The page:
Volunteers sought for Stewardship projects

Sheepscot Valley Conservation Association seeks volunteers to help care for the numerous public properties. Stewardship projects include invasive plant control, wildlife habitat improvement projects, trail clearing and maintenance, bridge building, boundary marking and annual monitoring. There are opportunities to learn new skills, spend time outdoors, and to see a variety of habitats in the area.

A group of volunteers recently helped with removal of Morrow’s honeysuckle on the Whitefield Salmon Preserve in Whitefield, a property that protects Atlantic salmon habitat on the Sheepscot River and West Branch, in addition to important upland wildlife habitats. Targeting invasive species prevents them from competing with native shrubs that provide more valuable wildlife foods and cover. Oriental bittersweet, Morrow’s honeysuckle and Japanese barberry are all found in limited amounts on the Preserve, and our stewardship crew helped keep the invasives at bay while tackling the task with humor and hard work, according to a SVCA news release.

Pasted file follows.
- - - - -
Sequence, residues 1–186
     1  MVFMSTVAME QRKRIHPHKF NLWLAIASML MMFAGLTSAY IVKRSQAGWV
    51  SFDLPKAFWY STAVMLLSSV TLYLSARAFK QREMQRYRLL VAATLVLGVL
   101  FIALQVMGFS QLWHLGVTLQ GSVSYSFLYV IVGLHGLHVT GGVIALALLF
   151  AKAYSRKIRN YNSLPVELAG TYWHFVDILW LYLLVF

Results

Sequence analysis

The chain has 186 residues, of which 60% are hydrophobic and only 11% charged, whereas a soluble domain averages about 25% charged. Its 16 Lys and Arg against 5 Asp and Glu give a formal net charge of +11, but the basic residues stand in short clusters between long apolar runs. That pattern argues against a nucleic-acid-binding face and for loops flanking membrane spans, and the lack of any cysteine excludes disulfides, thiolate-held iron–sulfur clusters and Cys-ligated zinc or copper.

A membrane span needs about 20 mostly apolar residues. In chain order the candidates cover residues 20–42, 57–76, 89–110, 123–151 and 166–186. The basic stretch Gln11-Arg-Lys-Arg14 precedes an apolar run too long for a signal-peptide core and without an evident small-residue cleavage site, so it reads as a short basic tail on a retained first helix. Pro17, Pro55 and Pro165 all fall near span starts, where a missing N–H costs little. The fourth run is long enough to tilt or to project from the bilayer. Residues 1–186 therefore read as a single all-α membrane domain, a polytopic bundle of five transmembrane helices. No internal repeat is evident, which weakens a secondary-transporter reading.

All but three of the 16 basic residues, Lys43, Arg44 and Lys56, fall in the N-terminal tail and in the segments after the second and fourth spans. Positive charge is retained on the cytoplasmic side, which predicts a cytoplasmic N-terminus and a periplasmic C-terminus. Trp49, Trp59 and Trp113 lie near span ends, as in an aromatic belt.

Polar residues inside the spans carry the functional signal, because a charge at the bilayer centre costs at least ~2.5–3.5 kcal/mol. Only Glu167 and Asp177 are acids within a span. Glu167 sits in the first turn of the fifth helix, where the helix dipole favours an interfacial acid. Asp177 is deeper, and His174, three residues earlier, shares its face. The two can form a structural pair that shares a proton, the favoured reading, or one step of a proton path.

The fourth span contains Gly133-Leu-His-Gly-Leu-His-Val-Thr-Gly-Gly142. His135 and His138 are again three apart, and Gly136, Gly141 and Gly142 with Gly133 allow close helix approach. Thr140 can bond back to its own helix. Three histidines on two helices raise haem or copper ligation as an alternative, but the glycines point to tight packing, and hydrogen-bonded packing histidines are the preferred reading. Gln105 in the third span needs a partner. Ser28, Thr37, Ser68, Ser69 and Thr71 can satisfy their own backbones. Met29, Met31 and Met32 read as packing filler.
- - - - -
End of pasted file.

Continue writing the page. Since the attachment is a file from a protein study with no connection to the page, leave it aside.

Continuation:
Volunteers will work at Trout Brook Preserve in Alna at 9 a.m. Wednesday, July 29, replacing a boardwalk and moving the kiosk to a new location. In August and September work is planned for wildlife habitat projects and erosion control at Trout Brook. Volunteers will work on cutting back trees and shrubs to keep small openings in the forest for song birds and woodcock. The site was historically a field and organizers work to maintain the early successional forest stage currently present. In addition to getting work done, volunteers can learn about wildlife habitat improvement techniques for their own properties, and resources for more information. As the group tackles erosion control, volunteers can learn about the importance of creating and maintaining riparian buffers.

The fall is SVCA’s monitoring season when staff and volunteers spread out on the landscape and check properties the organization owns or hold easements on looking for changes or disturbances. This is a once a year task but a wonderful opportunity to get out on the landscape and explore while helping SVCA staff.

For more information, contact SVCA’s Programs Manager Lynne Flaccus at l[email protected] or call 586-5616.


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